Yoenis Cespedes goes back-to-back

"He's got a lot of power and ability, and we all know that," A's third baseman Josh Donaldson said. "We get to see it a lot. He's a special guy, a guy we care for a lot. And when the lights get brighter, he gets better. Especially in things like this, he kind of smells blood and he goes for it."

Yeah, but eight swings into the first round Monday, it was actually his blood that the other eight Derby contestants thought they were smelling. He was the 10th and final man to bat in this extravaganza. And with one out left in his round, he'd hit just two home runs, which would have ended his night before the fun even began.

"But you know what? He didn't panic," Gallego said. "I even asked him, 'Are you OK?' And he said, 'No problem.'"

That simple. No problema. And Cespedes wasn't kidding. He lofted the next pitch into the first row of the seats in left. And the rampage had begun.

Starting with that swing of the bat, he would go 36 swings -- from that point in the first round through his 11th swing in the finals -- without ever making two "outs" in a row. It was practically Josh Hamilton-esque, minus the skyscrapers and the monuments.

He eliminated Donaldson in a "swing-off" after the first round with two lightning bolts in two swings. Then he took down Adam Jones in the next round with a nine-homer light show in which he never, at any point, went two consecutive swings without a home run.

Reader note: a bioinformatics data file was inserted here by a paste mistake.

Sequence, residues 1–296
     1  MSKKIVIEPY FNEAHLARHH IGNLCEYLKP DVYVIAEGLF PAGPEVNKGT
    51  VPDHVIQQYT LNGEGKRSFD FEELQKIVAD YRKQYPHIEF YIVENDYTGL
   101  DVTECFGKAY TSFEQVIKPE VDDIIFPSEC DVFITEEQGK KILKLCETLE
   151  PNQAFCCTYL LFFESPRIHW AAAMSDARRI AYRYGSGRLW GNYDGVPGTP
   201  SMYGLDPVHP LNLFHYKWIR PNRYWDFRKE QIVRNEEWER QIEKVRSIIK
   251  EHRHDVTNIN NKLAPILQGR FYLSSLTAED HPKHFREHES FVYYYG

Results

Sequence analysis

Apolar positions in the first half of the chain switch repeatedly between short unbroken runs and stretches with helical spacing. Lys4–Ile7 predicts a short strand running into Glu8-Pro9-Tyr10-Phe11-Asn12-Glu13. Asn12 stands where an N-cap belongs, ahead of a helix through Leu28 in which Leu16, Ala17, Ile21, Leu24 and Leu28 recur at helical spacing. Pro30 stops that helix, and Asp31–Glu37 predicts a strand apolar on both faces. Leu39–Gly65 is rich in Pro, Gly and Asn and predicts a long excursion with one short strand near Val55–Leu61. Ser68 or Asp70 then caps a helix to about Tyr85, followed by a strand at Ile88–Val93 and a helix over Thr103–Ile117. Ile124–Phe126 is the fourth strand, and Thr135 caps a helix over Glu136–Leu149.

Next, he wiped out AL captain Jose Bautista with seven more rockets into the seats in his first 10 swings of Round 3. And when NL finalist Todd Frazier tried to put the pressure on Cespedes by forcing him to hit first in the finals, Cespedes turned that pressure cooker right around on him by mashing five homers in his first eight swings, seven in his first 11 and nine in his first 14.

Asked about that brilliant strategic ploy afterward, Frazier laughed: "I thought he'd be a little tired. But he wasn't. Obviously."

As Frazier tried to keep loose in the underground batting cage, Cespedes was putting on one last fireworks show, squashing six home runs in the final round that ESPN's Home Run Tracker estimated would have traveled at least 460 feet if the stadium hadn't gotten in the way. Two would have sailed more than 500 feet.

The first was a projected 504-foot rainbow that broke up a party in a second-deck suite in deep left-center. The second was an even more ridiculous Mars probe, estimated at 509 feet, that felt as if it hung in the night for about 45 seconds before it landed in another luxury suite, two decks up in left-center and three sections over from the foul pole.

"I'm in the cage, and I hear the crowd, and I'm going, 'Well, there goes another one,'" Frazier reported, still shaking his head. "And then, 'Hold on, there's another one.' I could just hear the crowd going crazy. But that's what he does. And he did it last year. And he did it again this year. So he's the champ. That's why he's the champ."

So there, on one hand, you had the man Cespedes had just beaten, incredulous over a bunch of tape-measure home runs he'd never even seen. And on the other hand, you had Gallego, the guy who served up every one of them, still overwhelmed just by the noise those blasts make on the way by.

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